How long have you lived here?

Over 30 years.

What brought you here?

My husband and I ran a book distribution company, and when we moved it to Park Royal we needed something this end of London. We lived in Fulham before, near North End Road. My husband was born in Notting Hill and his parents still lived in Notting Hill and mine were north of London so here made sense.

We distributed children’s books and audio cassettes – just sort of fell into it. It all happened over a gin and tonic – as things do. We met someone over that gin and tonic and they had put all the Peter Rabbit stories on tape. In those days children’s cassettes were sold in record shops, which were very heavy metal and rock. We said, they ought to be in bookshops. One of the first people who took them was Tim Waterstone. And then we went to toyshops and they said, we want some books as well, so my husband said, go and choose a few. We thought we might sell a couple of hundred and a few million later…

As a walking tour guide, you specialise in west London historical walks. How did you get into that?

It’s thanks partly to my husband because he’s a military historian so I know how important archives are for research. About three years ago, there was an ad in the paper; they needed two volunteers at the Hammersmith and Fulham archives and I thought, I have half a day a month. In quiet moments, I started poking about, finding out who lived in my house and when it was built and then looking up things about Askew Road a hundred years ago. One day, Finlay Brewer came to an ABN (Askew Business Network) meeting and they just happened to say, it’s such an interesting history, will you show us around? So, I devised a walk, and people kept asking me for my tour. It just grew and grew. It’s mostly locals, but I love making people look at where they live with fresh eyes.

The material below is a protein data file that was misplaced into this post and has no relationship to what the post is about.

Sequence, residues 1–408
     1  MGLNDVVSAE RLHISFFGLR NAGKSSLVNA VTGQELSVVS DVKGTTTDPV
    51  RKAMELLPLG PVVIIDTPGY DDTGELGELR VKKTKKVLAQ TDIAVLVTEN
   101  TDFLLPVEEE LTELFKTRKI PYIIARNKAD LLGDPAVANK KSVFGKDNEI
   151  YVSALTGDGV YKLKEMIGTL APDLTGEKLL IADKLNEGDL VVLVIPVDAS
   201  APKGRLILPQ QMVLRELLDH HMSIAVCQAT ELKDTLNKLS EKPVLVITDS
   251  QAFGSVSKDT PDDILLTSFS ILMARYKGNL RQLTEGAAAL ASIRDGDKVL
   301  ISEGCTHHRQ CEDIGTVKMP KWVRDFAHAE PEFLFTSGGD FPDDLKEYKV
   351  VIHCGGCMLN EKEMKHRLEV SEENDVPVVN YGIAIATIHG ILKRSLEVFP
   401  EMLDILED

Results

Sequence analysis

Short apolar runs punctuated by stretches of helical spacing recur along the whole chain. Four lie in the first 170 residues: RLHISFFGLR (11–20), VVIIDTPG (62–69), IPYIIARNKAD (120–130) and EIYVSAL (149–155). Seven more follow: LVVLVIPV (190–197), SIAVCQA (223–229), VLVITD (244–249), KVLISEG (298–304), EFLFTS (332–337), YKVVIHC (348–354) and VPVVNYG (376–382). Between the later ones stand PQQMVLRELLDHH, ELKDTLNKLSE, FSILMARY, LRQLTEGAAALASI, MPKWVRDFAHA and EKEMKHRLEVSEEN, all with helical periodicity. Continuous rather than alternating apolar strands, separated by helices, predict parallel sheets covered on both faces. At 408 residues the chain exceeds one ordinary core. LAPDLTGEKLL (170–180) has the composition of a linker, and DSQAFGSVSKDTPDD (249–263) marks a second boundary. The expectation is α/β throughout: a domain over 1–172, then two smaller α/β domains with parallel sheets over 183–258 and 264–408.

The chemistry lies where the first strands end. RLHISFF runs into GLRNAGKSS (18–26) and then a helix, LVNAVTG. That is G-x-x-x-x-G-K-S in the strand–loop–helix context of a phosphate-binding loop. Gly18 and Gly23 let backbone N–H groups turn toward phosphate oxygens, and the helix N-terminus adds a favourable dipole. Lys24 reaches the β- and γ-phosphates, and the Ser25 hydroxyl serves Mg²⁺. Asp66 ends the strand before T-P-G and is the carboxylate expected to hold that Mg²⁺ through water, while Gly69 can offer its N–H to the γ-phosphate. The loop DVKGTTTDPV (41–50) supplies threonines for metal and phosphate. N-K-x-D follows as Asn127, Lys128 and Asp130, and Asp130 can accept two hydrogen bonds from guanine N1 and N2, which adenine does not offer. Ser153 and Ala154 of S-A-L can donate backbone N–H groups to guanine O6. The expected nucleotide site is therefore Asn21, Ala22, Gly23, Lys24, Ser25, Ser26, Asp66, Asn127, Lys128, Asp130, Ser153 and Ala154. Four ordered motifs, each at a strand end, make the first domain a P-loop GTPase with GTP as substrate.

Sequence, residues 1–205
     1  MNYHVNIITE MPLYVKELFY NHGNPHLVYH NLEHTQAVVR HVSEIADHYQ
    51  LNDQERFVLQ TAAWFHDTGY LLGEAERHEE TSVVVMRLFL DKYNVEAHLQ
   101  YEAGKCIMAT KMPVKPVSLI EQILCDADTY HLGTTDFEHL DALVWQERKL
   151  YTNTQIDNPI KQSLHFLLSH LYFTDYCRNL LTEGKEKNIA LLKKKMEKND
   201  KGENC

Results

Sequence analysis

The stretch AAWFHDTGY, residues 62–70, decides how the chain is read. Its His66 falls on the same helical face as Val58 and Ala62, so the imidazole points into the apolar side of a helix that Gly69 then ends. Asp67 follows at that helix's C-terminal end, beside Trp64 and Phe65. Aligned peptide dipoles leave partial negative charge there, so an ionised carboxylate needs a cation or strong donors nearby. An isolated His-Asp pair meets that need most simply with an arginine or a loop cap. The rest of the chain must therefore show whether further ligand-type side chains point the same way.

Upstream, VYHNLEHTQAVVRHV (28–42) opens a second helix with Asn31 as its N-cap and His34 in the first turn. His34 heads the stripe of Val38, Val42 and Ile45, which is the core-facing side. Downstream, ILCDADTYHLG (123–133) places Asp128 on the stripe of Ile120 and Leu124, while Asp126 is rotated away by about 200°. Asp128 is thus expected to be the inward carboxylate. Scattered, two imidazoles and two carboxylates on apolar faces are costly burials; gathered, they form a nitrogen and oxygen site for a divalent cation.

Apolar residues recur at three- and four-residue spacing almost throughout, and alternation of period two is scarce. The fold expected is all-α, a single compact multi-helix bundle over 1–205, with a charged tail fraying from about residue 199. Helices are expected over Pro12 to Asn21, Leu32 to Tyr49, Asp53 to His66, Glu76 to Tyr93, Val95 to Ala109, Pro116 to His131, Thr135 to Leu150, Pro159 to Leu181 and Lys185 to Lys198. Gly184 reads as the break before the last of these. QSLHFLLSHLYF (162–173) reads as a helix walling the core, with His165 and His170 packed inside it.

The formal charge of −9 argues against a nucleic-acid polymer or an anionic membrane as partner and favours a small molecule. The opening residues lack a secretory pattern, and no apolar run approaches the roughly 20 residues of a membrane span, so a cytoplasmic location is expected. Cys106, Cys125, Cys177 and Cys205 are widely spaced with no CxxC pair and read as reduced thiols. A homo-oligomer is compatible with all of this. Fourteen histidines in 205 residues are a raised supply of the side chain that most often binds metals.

Who is Askew Road named after?

Back in the eighteenth century, the Askew family came down from the north of England. They made money mainly out of coal and they bought quite a lot of land down here, speculating in Hammersmith and Chiswick. It was mostly fields back then but the arrival of the railways in the 1860s opened it up. London was expanding and it got to about Kensington and here was very rural. Down towards the river was good soil and that became market gardens. Up here were huge orchards, hence The Orchard Tavern, right up to the 1870s. And brickfields. Askew Road was quite a notorious place for pubs. The oldest one was where The Eagle is now. It was originally called The Lady Of The Lake because behind it, from Greenside Road to Lakeside Road, the whole area was brickfields that had all been dug out and it formed a lake. By the 1890s, the area was covered over by houses. I could show you maps from 1870 and by the late 1890s the fields have all gone. The streets weren’t built all in one go. A builder would come along and get the lease of the land and put up probably ten houses. That’s why if you look closely you’ll see they’re not all the same.

Who lived in these new houses?

This area was very much a working class area and a lot of people were doing clerical work. There were already labourers’ cottages for people working the land but the new ones were for people working in town. The maisonettes in Aylmer Road were built for policemen.

And why is Starch Green starchy?